Cape vulture decline is reason to be concerned

Vultures play an important role in the ecosystem, and if not managed properly, they may face extinction.

The Cape vulture colony situated in the Marakele National Park is showing a significant decrease in the number of active breeding pairs. With only 5% of these birds surviving from egg to adulthood, questions are being asked about the future of the population.

In just 30 years the colony, one of the world’s largest, has declined. What started with nearly 800 breeding pairs in 1984, dropped to just over 600 during the 2013 breeding season, according to statistics provided by VulPro.
There are currently less than 15 active breeding sites of this vulnerable species in South Africa.

“In an ideal world the numbers should have gone up or at least stabilised, but given the threats, it is difficult to keep any colony stable,” says Kerri Wolter, founder of VulPro, an organisation involved in, among others, monitoring vulture populations in South Africa. Three visits conducted annually, establish the number of breeding pairs, chicks in the nests and fledglings. Each sighting is verified by two observers to ensure accuracy.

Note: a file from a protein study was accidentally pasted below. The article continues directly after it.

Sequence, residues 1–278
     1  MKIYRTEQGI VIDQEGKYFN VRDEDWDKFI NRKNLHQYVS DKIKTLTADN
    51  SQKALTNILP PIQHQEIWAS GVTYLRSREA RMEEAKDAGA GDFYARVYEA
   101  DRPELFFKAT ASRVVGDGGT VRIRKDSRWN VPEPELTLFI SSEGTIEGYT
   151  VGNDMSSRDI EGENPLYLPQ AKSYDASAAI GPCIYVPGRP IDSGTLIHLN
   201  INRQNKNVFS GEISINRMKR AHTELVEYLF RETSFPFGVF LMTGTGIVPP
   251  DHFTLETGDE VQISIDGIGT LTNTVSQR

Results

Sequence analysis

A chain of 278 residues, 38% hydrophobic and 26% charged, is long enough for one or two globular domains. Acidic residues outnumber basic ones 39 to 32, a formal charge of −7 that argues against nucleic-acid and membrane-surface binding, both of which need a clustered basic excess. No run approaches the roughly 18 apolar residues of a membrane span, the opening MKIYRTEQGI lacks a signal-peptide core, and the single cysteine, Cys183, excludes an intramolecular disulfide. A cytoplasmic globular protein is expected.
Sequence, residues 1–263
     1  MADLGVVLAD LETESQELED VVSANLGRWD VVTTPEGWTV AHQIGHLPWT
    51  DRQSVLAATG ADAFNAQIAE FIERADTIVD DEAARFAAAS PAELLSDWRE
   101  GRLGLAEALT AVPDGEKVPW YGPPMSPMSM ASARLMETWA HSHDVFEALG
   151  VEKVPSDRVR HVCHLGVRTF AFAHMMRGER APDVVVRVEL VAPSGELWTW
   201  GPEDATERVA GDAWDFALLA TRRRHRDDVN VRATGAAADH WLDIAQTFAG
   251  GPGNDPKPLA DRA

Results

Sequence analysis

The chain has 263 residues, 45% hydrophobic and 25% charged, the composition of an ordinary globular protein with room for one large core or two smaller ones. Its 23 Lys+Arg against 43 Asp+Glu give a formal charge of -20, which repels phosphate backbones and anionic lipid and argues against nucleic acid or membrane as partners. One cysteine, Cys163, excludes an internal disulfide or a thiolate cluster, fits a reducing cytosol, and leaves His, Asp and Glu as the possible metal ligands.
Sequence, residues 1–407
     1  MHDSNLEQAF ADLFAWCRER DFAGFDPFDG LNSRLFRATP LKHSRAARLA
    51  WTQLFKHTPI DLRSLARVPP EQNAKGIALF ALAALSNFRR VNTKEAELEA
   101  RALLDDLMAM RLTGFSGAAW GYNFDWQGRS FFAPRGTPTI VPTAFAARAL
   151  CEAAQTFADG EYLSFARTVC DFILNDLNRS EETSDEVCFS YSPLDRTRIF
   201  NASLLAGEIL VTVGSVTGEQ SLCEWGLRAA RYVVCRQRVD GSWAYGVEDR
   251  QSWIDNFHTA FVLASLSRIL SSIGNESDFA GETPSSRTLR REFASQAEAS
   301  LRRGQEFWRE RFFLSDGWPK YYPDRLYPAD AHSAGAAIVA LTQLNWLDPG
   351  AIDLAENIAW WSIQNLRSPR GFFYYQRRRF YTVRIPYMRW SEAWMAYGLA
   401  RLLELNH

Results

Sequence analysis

At present poisoning, collisions and electrocution by power lines and even poaching for traditional medicine, have put pressure on the population. “I would still like to say the colony is healthy but it is without a doubt declining and will continue to do so unless these threats are halted and mitigated.”

With these birds occurring only in southern Africa and producing a single egg at a time, the smallest incidents count. Last year alone, two cases of Cape vulture poisoning surfaced, says André Botha, manager of the Birds of Prey Programme at the Endangered Wildlife Trust. In the Swartberg region in KwaZulu-Natal, 55 vultures died while a poisoning incident in the Eastern Cape resulted in 47 birds being killed.

A lot of work still needs to be done, but the message is slowly spreading. “We receive support from the farmers in the area,” says Mphadeni Nthangeni, conservation manager at Marakele National Park. He explains that a problem with young fledglings is exhaustion when learning to fly. “We had about 10 cases last year of locals bringing young birds to us, tired and unable to return to the nest.

Wolter says it is important for everybody to do their bit for the conservation of the species. Power lines can be adapted to prevent collisions. A better understanding, assistance and positive change should be implemented to stabilise this colony.
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René de Klerk

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